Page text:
Prevent NULL values from causing “unintentional” database deletions

Introduction

How does this work? This can happen when you are using using Conn:merge() to update a database. The Conn.merge() function works by writing the values from a (database) table node tree to matching rows in the database. If there are NULL values in some of the table node tree fields these will get written to the corresponding fields in the updated row (which is probably not what you want).

What do you mean by “unintentional” deletions? When NULL values are written to fields in a database table they will overwrite the data in those fields. While this is correct database behavior it is probably not what you intended, hence “unintentional” deletions.

How to I prevent these “unintentional deletions”? This is very simple. Whenever you are using Conn:merge() you must always use node:Remove() to delete the table node tree fields that you don’t want to update in the database. Any empty node tree fields that you do not remove will be set to NULL during the merge process, hence “deleting” any data in those fields in the database table.

When do I need to use this? The typical update scenario is that you want to update some but not all of the data in a row. Therefore you need to use this whenever you are using Conn:merge() to update a database.

Steps to prevent accidental updates [top]

  1. Create a table node tree using db.tables()
  2. Map your data into the node tree
  3. Use the node:remove() function to remove any nodes that you do not want to update in the database

Tip: Usually you would remove the nodes containing NULL values, but this is not a requirement you can remove any node you like, based on any condition you like.

Advantage: Exact control over database updates [top]

Unfortunately the HL7 standard is not very clear when dealing NULLs and unchanged or undefined data ( to be fair this is a tricky area). The upshot however is that HL7 messages do not treat NULLs etc. consistently. Therefore different interfaces will need to deal with this area in a way that is appropriate for the messages that they receive. See Dealing with NULL data from databases for more information about NULL.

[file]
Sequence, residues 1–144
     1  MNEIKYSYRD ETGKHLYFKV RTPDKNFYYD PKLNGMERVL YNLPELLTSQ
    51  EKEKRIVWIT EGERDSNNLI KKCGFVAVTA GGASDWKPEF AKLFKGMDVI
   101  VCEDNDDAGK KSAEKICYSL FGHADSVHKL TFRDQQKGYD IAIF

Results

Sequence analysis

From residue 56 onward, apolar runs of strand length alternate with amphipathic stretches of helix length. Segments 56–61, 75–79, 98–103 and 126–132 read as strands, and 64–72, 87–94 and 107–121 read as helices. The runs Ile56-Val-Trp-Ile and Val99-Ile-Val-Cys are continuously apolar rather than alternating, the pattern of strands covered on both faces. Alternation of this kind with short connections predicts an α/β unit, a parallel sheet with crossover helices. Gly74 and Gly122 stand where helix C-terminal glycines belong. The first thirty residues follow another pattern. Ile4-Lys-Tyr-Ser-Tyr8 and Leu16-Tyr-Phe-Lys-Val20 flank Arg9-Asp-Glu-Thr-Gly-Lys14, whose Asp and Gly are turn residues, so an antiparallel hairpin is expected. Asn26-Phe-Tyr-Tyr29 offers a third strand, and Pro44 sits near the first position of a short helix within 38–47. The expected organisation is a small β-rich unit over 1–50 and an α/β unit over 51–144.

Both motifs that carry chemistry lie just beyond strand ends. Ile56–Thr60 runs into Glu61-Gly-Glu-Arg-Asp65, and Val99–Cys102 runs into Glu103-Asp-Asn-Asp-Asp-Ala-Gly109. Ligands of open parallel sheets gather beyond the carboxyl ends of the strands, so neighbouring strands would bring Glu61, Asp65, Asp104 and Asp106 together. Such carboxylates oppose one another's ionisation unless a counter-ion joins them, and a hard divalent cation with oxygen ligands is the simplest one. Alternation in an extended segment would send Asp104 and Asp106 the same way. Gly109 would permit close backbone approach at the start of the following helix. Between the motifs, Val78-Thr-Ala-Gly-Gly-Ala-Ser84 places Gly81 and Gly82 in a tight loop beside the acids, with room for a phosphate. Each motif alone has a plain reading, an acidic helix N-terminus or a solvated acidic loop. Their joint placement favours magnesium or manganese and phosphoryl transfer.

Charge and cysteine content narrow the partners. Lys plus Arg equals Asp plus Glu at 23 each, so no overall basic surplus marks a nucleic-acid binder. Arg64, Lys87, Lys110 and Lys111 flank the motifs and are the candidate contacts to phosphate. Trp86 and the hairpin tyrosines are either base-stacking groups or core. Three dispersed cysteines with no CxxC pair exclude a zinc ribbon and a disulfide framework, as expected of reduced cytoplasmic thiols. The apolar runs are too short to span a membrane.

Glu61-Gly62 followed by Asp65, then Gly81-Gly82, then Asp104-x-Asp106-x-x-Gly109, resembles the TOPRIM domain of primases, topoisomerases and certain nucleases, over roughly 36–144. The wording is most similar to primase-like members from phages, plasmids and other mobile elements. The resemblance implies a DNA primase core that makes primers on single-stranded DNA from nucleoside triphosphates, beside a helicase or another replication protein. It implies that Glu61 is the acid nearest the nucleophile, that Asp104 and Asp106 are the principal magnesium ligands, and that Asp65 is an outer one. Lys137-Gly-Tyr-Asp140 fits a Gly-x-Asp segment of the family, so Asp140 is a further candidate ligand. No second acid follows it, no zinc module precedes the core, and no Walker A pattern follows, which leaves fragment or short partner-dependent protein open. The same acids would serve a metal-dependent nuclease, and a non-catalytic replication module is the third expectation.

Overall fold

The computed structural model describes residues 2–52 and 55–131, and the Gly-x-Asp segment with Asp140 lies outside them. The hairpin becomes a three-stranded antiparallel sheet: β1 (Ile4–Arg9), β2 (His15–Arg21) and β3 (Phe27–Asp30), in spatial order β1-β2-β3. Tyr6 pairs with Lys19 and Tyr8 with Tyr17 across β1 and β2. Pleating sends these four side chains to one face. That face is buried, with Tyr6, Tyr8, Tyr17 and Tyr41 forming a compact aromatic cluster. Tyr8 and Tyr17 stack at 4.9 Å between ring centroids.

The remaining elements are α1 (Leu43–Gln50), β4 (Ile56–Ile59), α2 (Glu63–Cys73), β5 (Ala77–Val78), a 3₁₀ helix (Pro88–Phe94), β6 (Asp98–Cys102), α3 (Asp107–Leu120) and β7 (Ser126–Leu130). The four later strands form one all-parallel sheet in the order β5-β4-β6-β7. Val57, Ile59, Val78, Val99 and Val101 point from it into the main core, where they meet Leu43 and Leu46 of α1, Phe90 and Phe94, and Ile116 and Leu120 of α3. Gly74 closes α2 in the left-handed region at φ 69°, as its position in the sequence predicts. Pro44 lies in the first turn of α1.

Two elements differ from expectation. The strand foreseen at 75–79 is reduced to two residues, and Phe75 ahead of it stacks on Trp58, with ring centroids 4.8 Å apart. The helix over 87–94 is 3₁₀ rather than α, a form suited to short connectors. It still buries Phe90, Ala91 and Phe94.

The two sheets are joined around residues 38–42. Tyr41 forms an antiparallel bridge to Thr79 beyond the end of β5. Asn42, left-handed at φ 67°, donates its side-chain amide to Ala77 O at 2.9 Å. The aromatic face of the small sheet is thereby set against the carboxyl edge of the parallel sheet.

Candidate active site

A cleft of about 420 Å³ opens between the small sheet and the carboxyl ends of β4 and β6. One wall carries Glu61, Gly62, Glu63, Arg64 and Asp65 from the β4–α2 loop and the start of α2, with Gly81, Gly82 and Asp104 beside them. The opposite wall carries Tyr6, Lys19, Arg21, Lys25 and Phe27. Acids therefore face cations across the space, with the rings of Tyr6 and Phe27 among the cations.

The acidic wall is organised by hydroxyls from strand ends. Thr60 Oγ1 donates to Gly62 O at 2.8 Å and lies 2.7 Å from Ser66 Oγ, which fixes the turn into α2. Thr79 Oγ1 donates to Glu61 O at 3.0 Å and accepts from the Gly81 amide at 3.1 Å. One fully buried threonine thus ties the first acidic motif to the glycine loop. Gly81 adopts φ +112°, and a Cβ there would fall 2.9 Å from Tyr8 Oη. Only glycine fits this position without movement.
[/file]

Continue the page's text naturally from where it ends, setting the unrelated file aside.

Using node:remove() gives you precise control over which fields to update. It makes the choice of which fields to update totally explicit and 100% under the control of person who really understands the interface, the interface programmer actually writing the interface.

This is a big improvement on Chameleon, our previous product, which tried to second guess what was required. See Orthogonal APIs: Rethinking Present but Null for more information.

Example: Mapping non-present data into databases [top]

If you have non-present data within an HL7 feed one useful trick to know with the Translator is the remove() method.

Note: “non-present” means an HL7 field is empty || or |””| so it contains no data (this is a slightly grey area in the HL7 standard).

This shows how one could use it when mapping an HL7 Date of Birth field that may sometimes be empty (not present). Here are  couple of  screen shots showing what happens when a date is present and what happens when the date is not present.

When a field is present it is mapped into the :

When it is not present:

Note: The “T” variable is a table node tree created using db.tables() and passed into MapPatient():

 

If you remove a column like this, there will be no associated SQL generated by the conn:merge{} command. As an interface coder this gives you highly precise control over the behaviour of your interfaces. See Orthogonal APIs – Rethinking Present but Null.

Note: in this case if you had not “removed” Dob then NULL would have been saved to the Dob field in the database (or a “zero date” value before Iguana 5.5.1, see Bug fix Iguana 5.5.1 – nil date values saved to a database by db.merge, they were converted to 1899-12-31. ).

How to remove multiple NULL valued nodes [top]

Typically when we update a database table we only want to update some of the columns, and leave the others unchanged. To preserve the data in other columns they have to be “remove”d for the purpose of conn:merge{}. If numerous columns have to be “remove”d then a Filter function can be used.

For example below code removes all columns specified in ColumnFilter:

local ColumnFilter = {'RemoveMe', 'AndMe'}

for j,ColName = ipairs(ColumnFilter) do
      T:remove(ColName)
end

This function removes all empty sub-nodes from the specified node in a node tree:

-- you can use this method if you are not comfortable with recursion
function Mapping.removeEmptyNodes(Node)
   for i = #Node, 1, -1 do
      if Node[i]:isNull() then
         Node:remove(i)
      end
   end
end

This function uses recursion to remove all empty nodes from node tree:

-- RECOMMENDED: method to remove all empty nodes
-- uses recursion
function Mapping.rRemoveEmptyNodes(Node)
   -- recursively remove empty nodes
   for i = #Node, 1, -1 do
      if Node[i]:isLeaf() then
         if Node[i]:isNull() then
            Node:remove(i)
         end
      else -- recursive call
         Mapping.rRemoveEmptyNodes(Node[i])
      end
   end
end

 

Another useful tool for snarly problems is doing a custom implementation of conn:merge{}.

Leave A Comment?